Book Review: Murder at Beacon Rock by Alyssa Maxwell

In Alyssa Maxwell's historical mystery Murder at Beacon Rock, The New York Yacht Club’s exclusive gathering at a famed Rhode Island mansion hits stormy seas when reporter Emma Cross discovers a drowned corpse. Read on for Janet Webb's review!

Mysteries featuring historical figures shed light on the times in which they lived. It’s a bonus when the setting is a gorgeous destination. Welcome to Newport, Rhode Island, July 1900. Edwin and Elizabeth Morgan are summering at their Grecian-inspired summer cottage, Beacon Rock, a stunningly beautiful mansion.

Emmaline (Emma) Cross and her fiancé, Derrick Andrews, “a man born to wealth and pedigree,” are invited to dinner. The Morgans are entertaining a select group of very wealthy, competitive sailors. The guests, led by New York Yacht Club Commodore John Pierpoint Morgan (Edwin’s cousin), and Lucy Carnegie (the first woman allowed to join the NYYC and Thomas Carnegie’s widow), are intensely focused on the next year’s 1901 America’s Cup Race. Derrick owns a yacht but he’s not a captain of industry willing to spend any amount of money to hire great crews and harness the latest technology. “If you have to ask, you can’t afford it.” This quip is attributed to none other than Commodore J.P. Morgan.

Reporter Emma Cross, a “lesser Vanderbilt,” has lived in Newport her whole life. As a poor relation, she is well acquainted with the exclusive Four Hundred, leaders of New York society in the Gilded Age. She is uncertain about her married future, with one foot in their world, via her fiancé, and one foot in the world of investigative journalism and crime solving.  Elizabeth Morgan ushers the ladies to the drawing room, leaving the gentleman to brandy and cigars. The conversation is of parties, gowns, and the summer Season: Emma finds it “not only inconsequential, but disheartening,” so she slips outside. 

She stops at the stairs leading down to the harbor when Lucy Carnegie calls out. Emma murmurs she’s admiring the boats but Lucy says, “Fiddlesticks! You were as bored in there as I was.” Emma hears a slap-thumping sound from below, like that of some large ocean debris caught against the pilings of a pier. They see the body of a woman in the water. Lucy jumps in and grabs the corpse while Emma sets the boathouse bell pealing. 

Amid the rescuers, Emma thinks of the drowned woman? Did she fall off the Newport ferry or is she a suicide or did someone drown her?

She was young—very young. Even mottled by water and death, her face was smooth and softly formed, that of someone who had been a mere child not long ago.

 

Suddenly overcome by the tragedy of one so young meeting her end, I fell to a crouch beside her. “Who are you?” I whispered, staring into those empty eyes.

Emma explores the pockets of the woman’s traveling suit, the tailoring of which suggests good quality—the kind only the well-off could afford. The ladies disapprove of her searching the dead woman’s clothes but Emma says, “There is no dignity in dying an anonymous death.” She discovers a head shot of a young, beautiful woman with a confident and direct gaze. There’s a short inscription: “To Wally darling, from L.” The photographer’s stamp on the back is Edward Gorman of Great Neck, Long Island. The police arrive, and Emma is glad to see her friend Detective Jesse Whyte. He doesn’t treat her like a nosy reporter, but his partner, Detective Myers, notes that “Miss Cross seems to always be on hand in situations such as these, don’t you, Miss Cross?”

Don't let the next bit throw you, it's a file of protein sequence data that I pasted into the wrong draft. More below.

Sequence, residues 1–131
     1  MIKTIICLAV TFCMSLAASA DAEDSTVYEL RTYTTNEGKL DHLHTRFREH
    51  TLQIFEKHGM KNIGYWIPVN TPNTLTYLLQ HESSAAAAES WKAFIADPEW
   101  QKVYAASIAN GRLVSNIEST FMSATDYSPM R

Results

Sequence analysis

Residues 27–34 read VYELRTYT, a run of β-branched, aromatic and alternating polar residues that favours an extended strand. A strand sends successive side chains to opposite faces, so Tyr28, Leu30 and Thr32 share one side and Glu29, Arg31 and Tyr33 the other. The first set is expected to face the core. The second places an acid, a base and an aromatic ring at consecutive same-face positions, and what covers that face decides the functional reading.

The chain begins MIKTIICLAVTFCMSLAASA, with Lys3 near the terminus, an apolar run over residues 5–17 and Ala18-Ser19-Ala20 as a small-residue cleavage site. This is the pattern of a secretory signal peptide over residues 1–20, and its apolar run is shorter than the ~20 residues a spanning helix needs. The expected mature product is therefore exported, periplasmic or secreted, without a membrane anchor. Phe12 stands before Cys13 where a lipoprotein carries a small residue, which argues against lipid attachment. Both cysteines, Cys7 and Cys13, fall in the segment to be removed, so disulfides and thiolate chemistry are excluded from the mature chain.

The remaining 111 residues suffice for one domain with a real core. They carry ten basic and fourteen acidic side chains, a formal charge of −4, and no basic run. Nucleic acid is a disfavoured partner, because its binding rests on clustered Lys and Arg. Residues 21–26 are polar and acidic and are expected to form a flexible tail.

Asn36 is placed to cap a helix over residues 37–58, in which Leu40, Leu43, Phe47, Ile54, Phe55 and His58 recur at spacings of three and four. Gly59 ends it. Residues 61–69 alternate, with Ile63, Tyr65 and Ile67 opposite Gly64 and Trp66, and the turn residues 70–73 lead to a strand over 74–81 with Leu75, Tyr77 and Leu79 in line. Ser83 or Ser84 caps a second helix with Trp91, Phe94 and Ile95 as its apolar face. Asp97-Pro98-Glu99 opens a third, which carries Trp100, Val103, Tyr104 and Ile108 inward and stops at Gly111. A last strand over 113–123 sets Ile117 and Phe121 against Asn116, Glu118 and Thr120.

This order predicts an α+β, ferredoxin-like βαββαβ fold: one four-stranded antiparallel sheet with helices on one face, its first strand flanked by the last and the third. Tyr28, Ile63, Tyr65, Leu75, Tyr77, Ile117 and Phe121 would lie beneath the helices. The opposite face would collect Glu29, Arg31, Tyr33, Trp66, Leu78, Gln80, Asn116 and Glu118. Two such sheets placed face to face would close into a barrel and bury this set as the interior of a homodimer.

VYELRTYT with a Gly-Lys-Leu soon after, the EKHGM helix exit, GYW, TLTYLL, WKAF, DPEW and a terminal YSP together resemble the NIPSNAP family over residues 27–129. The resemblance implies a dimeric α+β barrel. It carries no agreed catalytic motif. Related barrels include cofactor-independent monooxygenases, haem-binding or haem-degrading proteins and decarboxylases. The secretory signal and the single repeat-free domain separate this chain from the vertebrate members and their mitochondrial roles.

The dead woman is Lillian Fahey, eighteen years old. Derrick and Emma talk to the police after the autopsy. Based on questionable reasoning, the powers-that-be proclaim that the young woman must have jumped to her death when a love affair went awry. Emma suspects they don’t want to inconvenience Edwin and Elizabeth Morgan since the body was found floating in their harbor, but she’s not buying it. She sees herself in Lillian, a capable young woman. This theory is strengthened after she talks to Eben Fahey and asks him his profession. 

“I am engineer, specializing in aerodynamics as it relates to the speed of mechanical objects.”

 

“I see. And you said your daughter helped with your work?”

 

“She is—was—a brilliant mathematician. She often helped me with my formulae.”

 

“And how do you apply your formulas, if I might ask?”

 

“These days, I work mostly with watercraft. My services are in high demand for racing yachts and I often collaborate with Nat Herreshoff.”

 

My gaze darted to Jesse. He had suddenly gone as pale as I felt. Nathanael Herreshoff designed many of the racing yachts belonging to New York Yacht Club members, including the Columbia.

Derrick and Emma sail in Derrick’s yacht, the Polaris, to Long Island and travel to Great Neck. Eben Fahey’s housekeeper shows them his study where “one box sat open on the floor, its cover tossed aside, and the contents strewn over the oak boards.” They find photographer Edward Gorman dead in his studio. Ferreting through his paperwork, Lillian learns that Walter Raleigh—darling Wally—was photographed right after Lillian. A sailor who accosted Lillian is found murdered. Given Eben and tangentially Lillian’s work collaborating with the racing elite to maximize speed, suicide seems a non-starter. Emma’s thoughts echo Agatha Christie: “Any coincidence is worth noticing. You can throw it away later if it is only a coincidence.”

There are too many coincidences—Emma, Derrick and Jesse sift through myriad suspects to solve Lillian’s murder.

Alyssa Maxwell keeps the reader guessing to the very end.

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